Alice Cooper, AKA Vincent Furnier, became famous with a mixture of hard rock and sideshow horror. With his outrageous image and stage show, entertainer extraordinaire Cooper (who eventually adopted the band's name as his own) almost single-handedly invented the genre of shock rock--spawning a legion of famous imitators (Rob Zombie, Marilyn Manson) along the way. By the end of the 1970s, Cooper had racked up a number of hits and become a bona fide celebrity, even appearing in films. His musical and cinematic activities continued into the 2000s, his iconic status firmly cemented.
Rock star opulence came to an explosive head in 1973 when the Alice Cooper Group hit #1 on the U.S. and worldwide charts with ''Billion Dollar Babies,'' their sixth and most successful album. Produced by Bob Ezrin, it is also one of the best rock ''n'' roll records of all time, and the subsequent tour became the biggest rock production to date. Capitalizing on the album''s themes of good-old decadence and horror, the show climaxed with a guillotine execution of Alice. The album and the tour made the band into the world''s preeminent pied pipers of teenage trash culture.
Now, a few decades later, we have given Billion Dollar Babies the deluxe Rhino treatment - the complete remastered album in its entirety remixed by Ezrin himself.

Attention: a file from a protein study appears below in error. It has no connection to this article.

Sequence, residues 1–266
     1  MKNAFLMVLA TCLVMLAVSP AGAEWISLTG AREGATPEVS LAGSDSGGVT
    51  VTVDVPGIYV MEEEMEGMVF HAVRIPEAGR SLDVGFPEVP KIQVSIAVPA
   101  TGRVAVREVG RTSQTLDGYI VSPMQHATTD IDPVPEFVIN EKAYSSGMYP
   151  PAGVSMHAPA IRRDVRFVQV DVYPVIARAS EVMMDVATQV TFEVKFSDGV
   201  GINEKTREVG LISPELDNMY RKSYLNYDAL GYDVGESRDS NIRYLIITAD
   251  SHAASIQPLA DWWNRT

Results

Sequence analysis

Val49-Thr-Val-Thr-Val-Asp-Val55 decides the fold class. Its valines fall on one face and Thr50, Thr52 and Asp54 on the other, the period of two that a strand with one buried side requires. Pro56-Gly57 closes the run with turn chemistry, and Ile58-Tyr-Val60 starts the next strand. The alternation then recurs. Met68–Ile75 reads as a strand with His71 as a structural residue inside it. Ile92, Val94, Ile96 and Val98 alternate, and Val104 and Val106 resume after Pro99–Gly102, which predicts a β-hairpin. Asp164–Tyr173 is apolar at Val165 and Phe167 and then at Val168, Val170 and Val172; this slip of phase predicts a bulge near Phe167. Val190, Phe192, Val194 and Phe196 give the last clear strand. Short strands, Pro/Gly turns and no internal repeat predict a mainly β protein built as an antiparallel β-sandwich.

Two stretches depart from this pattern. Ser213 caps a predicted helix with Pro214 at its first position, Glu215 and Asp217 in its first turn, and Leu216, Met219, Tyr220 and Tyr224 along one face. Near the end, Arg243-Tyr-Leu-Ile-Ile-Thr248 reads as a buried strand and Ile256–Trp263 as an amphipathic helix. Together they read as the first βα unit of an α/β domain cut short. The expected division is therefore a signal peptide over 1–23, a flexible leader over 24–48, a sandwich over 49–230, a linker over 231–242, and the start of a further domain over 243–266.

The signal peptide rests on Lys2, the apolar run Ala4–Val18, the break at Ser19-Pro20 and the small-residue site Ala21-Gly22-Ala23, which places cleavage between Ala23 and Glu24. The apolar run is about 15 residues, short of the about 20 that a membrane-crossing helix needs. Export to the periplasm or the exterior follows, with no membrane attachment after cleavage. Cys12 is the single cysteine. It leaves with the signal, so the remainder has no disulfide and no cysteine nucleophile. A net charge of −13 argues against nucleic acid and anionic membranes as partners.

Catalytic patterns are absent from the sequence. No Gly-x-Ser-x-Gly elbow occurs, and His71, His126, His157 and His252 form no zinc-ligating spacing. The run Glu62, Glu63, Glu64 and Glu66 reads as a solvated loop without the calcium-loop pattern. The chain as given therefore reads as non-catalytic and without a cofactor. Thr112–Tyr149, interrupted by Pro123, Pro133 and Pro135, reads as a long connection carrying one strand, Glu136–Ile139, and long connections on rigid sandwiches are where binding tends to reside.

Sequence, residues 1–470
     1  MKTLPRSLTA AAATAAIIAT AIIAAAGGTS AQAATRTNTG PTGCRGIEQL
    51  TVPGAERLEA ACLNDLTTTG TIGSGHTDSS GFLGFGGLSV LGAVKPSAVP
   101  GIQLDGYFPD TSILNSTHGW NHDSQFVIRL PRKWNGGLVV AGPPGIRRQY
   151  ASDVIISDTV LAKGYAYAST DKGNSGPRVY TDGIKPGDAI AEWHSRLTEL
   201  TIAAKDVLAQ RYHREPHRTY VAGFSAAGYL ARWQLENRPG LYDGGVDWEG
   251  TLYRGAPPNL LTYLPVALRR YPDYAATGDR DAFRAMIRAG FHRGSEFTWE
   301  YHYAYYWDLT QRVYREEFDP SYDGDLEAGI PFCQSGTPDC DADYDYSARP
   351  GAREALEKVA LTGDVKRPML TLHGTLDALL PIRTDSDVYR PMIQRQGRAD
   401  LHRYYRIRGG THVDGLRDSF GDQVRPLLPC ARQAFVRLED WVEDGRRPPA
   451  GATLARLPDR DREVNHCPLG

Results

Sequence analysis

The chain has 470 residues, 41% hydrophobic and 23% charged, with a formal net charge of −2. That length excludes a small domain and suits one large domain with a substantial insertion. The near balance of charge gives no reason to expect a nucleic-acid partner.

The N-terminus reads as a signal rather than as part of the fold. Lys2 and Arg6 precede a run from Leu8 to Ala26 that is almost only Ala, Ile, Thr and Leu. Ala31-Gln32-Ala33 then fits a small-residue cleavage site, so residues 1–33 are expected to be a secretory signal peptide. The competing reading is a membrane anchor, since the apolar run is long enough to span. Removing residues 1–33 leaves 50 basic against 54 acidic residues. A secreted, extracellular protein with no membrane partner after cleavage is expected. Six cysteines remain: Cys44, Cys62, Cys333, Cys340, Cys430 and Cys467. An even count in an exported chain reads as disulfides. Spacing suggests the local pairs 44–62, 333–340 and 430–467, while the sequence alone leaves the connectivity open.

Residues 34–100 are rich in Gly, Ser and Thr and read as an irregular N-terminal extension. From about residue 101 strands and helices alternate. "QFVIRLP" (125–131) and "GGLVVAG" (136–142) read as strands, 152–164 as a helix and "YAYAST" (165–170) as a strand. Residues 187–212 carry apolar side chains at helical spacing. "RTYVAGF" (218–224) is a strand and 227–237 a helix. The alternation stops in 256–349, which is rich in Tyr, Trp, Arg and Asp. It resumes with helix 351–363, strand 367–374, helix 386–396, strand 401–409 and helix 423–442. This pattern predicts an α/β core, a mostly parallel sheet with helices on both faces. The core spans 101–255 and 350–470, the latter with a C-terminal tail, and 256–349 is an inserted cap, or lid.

The original Alice Cooper band was one of the finest hard-rock units of the early '70s, which is why the second disc of this remastered version of Billion Dollar Babies is such a treat. Eleven bonus tracks from the band's 1973 tour display the Cooper band's taste for pop-culture--and a sense of humor, as Alice quotes from Don McLean's "American Pie" on a wonderful version of "I'm Eighteen," while the band delivers a ripping "Theme from Perry Mason" during an extended workout of "Unfinished Sweet." Rounded out with session outtakes, the second disc will have fans praying that Rhino unearths more live material. As for Billion Dollar Babies itself, it may not be the Cooper band's best album, but it was the final release of a quartet of extraordinary Bob Ezrin-produced hard-rock records (rounded out by Love It to Death, Killer, and School's Out), and it captures the moment when the band was at their peak. Including three hit singles in "Hello Hooray," "Elected," and "No More Mr. Nice Guy," the album--from Donovan's exciting cameo on the title track to the closing "I Love the Dead" (probably the prettiest ode to necrophilia ever recorded)--still sounds terrific. And the packaging, production, music, and imagery has inspired followers as diverse as the Sex Pistols, Marilyn Manson, and Hole. --Bill Holdship
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